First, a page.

Back to Ganoksin | FAQ | Contact

Soldering larger copper project


#1

I’m planning a larger project using a lot of smaller copper
components. These components will be assembled and soldered
together. I have worked with copper, but in smaller groups. I’m
trying to figure out if I need to bring the entire item up to temp to
solder one small part as I would with silver, or if I can just heat
the small area that will be receiving the solder as I would with
gold. Your opinions and expertise would be very appreciated.

Sandra Graves
Blog at http://sandragravesisisrising.blogspot.com/


#2

I have soldered a lot of copper together but they are small thin
gauge pieces - I am usually soldering to halves together to make a
bead. They seem to react more like silver than gold. Practice on a
few pieces that are not incorporated into your project and are the
same size as the pieces you will be soldering. Copper is inexpensive
so no worries.


#3

The short answer is “It depends…”. Copper is a good conductor of
heat, second only to silver. If your flame is hot and fierce enough
then you can possibly get away with heating just the joint area, but,
depending on how quickly the heat is conducted away, you could well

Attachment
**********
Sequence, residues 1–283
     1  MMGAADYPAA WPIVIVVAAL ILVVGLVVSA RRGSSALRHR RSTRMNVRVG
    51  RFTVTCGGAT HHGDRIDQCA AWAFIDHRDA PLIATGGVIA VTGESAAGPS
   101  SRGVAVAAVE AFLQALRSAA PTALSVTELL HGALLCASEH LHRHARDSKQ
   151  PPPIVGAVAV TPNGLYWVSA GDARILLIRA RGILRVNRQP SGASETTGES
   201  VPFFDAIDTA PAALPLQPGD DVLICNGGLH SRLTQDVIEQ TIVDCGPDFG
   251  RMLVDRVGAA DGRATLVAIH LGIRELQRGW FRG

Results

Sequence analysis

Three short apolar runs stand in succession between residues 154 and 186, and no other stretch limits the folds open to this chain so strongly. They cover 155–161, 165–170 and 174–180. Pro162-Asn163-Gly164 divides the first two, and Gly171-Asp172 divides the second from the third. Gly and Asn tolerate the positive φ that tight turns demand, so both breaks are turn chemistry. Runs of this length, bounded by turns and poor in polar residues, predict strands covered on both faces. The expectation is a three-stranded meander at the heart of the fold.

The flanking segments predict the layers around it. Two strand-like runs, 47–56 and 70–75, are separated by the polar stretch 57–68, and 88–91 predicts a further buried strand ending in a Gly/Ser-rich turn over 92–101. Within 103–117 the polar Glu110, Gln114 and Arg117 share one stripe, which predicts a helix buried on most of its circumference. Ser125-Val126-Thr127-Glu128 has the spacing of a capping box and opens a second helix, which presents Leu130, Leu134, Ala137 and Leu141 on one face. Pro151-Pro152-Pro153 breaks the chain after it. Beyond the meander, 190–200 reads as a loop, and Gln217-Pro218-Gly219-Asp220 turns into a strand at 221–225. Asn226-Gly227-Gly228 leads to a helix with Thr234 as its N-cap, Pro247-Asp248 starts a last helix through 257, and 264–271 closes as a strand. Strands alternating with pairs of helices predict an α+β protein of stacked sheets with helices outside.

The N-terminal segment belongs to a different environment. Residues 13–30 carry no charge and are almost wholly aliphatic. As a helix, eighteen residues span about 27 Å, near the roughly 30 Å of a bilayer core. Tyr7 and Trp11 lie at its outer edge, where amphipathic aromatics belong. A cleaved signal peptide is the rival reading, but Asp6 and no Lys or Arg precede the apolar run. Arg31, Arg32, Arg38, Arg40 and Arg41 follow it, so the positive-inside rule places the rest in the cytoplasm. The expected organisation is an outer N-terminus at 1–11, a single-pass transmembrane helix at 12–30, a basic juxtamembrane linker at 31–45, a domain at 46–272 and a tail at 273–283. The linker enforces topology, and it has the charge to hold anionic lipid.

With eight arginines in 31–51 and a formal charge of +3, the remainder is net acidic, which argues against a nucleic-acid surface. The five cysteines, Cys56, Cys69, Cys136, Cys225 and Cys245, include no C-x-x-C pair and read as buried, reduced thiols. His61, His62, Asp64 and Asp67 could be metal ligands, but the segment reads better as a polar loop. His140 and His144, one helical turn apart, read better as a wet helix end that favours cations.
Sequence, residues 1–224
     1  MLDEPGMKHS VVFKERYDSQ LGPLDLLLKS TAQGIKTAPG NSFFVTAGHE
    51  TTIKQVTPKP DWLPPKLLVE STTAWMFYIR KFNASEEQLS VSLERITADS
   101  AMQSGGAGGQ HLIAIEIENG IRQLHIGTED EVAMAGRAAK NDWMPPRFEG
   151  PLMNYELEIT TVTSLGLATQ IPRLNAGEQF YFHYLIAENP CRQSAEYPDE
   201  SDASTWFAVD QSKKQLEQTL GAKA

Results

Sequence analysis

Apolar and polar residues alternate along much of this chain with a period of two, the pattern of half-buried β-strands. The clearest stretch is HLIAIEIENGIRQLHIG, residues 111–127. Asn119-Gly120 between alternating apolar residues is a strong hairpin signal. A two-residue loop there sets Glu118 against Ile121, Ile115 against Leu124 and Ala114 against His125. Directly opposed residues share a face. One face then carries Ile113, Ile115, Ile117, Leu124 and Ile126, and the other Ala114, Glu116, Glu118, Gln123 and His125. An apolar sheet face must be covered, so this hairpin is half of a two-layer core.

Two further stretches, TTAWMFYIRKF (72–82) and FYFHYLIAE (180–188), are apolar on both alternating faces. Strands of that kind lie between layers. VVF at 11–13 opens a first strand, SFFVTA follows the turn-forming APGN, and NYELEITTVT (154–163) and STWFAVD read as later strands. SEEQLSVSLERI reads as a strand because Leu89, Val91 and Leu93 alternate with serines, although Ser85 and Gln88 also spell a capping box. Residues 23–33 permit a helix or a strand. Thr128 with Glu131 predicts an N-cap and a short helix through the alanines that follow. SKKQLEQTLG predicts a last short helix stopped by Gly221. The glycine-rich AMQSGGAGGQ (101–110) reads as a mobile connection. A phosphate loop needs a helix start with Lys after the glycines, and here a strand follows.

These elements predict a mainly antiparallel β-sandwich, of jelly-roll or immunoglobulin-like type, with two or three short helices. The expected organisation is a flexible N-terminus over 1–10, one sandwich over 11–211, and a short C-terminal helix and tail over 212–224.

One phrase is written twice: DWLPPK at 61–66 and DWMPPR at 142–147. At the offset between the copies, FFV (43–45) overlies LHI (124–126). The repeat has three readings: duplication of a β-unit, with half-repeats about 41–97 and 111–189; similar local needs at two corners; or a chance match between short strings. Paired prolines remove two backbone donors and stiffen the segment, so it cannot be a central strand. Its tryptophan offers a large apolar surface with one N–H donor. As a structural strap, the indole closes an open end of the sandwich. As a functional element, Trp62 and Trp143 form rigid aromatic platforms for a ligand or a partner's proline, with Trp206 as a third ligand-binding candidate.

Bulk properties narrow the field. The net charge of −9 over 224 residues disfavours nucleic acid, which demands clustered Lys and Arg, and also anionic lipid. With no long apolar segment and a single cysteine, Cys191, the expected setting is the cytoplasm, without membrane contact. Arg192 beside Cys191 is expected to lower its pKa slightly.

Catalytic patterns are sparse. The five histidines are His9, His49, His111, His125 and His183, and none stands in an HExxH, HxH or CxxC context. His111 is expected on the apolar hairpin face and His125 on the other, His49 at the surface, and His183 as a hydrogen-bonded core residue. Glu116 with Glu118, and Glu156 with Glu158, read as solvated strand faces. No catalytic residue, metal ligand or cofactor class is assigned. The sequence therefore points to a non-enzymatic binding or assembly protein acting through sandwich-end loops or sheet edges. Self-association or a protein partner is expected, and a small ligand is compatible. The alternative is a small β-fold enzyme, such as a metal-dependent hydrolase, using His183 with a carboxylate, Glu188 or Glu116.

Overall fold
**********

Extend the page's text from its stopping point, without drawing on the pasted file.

find that you simply can’t get the joint hot enough to melt the
solder without heating the entire object.

You don’t mention the shape of the components; are they short and
thick, or long and spindly? Short thick ones will conduct the heat
away much faster than long thin ones. Conserving the heat with close
fitting fire bricks is one technique that can help, as is using two
torches: one large bushy flame to create a background heat, and a
small concentrated one to do the actual soldering. As I said at the
beginning, “It depends…”.

Regards, Gary Wooding


#4
I'm trying to figure out if I need to bring the entire item up to
temp to solder one small part as I would with silver, or if I can
just heat the small area that will be receiving the solder as I
would with gold. 

Copper soldering is like silver soldering, not like gold soldering.

Elaine
http://www.CreativeTextureTools.com


#5

I make larger copper pieces often up to 12"X12"X12" using multiple
sections. You definitely need to bring the whole piece up to temp.
Depending on the size of the piece this may mean that you end up
using two torches to get the temperature up fast enough and then back
off with the one to help maintain the temp and come in with the other
to flow the solder seams. This however will depend on your personal
set up. The key with larger pieces I have found is not only to get
the whole piece up to temp but to get it up as fast as possible so
that as little oxidizing as possible occurs and the flux
is still in good condition. Good luck.